CITY WHISPERS: Run out of ideas, Chancellor? Treasury turns to Twitter

CITY WHISPERS: Run out of ideas, Chancellor? Treasury turns to Twitter

The Tory party gathering kicks off today with all eyes on Jeremy Hunt for any signs of what might be appearing in the Autumn Statement next month.

Rather than scrutinise a conference speech, hacks might have an easier time checking the Treasury’s account on X, previously known as Twitter.

Last week, the department’s social media team encouraged followers to ‘suggest policy ideas’ for the Autumn Statement, triggering a flood of cynical responses. 

X marks the spot: The Treasury’s social media team encouraged followers to ‘suggest policy ideas’ for the Autumn Statement

But among the cries of ‘resign’ and ‘call a general election’ there were kernels of substance, with one commenter suggesting landlords pay council tax instead of tenants.

Another called for the 40 per cent income tax threshold to be unfrozen. Is the Chancellor listening?

Only time will tell.

Blackberry maker struggles in cybersecurity

Blackberry’s heyday when it controlled nearly half the world’s mobile market is over. 

But the handset maker rumbles on as a provider of cybersecurity. 

Shares tanked last month when BlackBerry said second quarter sales would be below expectations. 

And, as a reminder the glory days are over, a film that revisits the probe into a multi-million dollar stock award scandal hits cinemas on Friday. 

Nothing like a trip down memory lane. 

Jury out over inheritance tax abolition

Rishi Sunak’s reported plans to abolish inheritance tax have sparked plaudits from some political quarters and seething condemnation from others – though what’s new these days?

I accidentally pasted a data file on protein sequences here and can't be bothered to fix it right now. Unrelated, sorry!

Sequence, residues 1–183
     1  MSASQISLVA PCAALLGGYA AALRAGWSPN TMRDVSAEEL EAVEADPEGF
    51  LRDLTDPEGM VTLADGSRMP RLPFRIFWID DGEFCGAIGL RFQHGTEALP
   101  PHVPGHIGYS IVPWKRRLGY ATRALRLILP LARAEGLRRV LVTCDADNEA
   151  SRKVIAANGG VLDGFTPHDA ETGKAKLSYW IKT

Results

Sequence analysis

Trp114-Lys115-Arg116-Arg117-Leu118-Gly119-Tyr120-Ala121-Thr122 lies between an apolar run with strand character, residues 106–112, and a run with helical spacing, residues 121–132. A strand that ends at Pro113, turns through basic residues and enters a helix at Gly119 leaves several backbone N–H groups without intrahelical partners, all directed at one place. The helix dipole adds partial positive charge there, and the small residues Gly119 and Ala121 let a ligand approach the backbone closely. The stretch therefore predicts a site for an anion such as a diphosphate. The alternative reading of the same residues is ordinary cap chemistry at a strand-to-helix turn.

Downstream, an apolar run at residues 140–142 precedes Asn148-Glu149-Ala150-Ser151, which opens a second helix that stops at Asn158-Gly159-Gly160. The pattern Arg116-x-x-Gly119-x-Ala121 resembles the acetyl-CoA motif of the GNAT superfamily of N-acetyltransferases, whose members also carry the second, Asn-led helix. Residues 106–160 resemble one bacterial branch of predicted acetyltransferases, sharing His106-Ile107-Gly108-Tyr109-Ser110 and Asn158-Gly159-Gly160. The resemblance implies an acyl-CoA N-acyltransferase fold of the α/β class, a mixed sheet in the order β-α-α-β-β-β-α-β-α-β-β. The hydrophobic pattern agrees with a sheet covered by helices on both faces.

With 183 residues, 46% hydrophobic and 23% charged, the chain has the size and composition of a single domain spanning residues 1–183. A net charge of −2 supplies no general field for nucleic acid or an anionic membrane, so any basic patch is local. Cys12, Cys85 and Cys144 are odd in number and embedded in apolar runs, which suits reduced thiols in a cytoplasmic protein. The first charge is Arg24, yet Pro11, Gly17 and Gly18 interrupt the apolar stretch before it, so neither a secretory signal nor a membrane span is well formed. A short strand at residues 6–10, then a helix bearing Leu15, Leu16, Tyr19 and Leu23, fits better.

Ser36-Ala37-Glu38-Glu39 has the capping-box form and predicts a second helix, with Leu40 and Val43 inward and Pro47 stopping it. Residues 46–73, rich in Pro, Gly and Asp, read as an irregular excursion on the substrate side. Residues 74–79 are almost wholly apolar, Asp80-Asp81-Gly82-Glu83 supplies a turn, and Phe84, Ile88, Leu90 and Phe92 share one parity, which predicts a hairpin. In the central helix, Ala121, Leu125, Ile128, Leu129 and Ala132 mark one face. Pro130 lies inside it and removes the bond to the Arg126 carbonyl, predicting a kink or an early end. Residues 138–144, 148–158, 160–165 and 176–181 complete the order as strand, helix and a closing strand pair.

But one group likely to have sweaty palms over the idea is the bosses of firms on London’s junior Alternative Investment Market, also known as Aim.

Some analysts have pointed out that most Aim shares are exempt from inheritance tax, and, as a result, savers have piled in. 

As much as a third of the stocks in the £90 billion market are thought to be held for tax purposes. 

If the tax were scrapped, some have warned of a ‘serious risk’ of a big Aim sell-off.

Tory donors in the City are unlikely to be thrilled at that.

Morrisons declined to comment over right man for job 

Whispers likes a good chinwag about a chief executive job vacancy – even when there isn’t one, at least officially.

We previously reported several candidates to succeed David Potts at Morrisons. 

There was even talk that chairman Sir Terry Leahy might take over.

Potts insisted he was there for the duration, but turns out he is leaving after all and will be replaced by Rami Baitieh, former boss of French grocer Carrefour.

Which raises the question – was Baitieh the first choice? Morrisons declined to comment.

                                                                                                                            Contributor: Patrick Tooher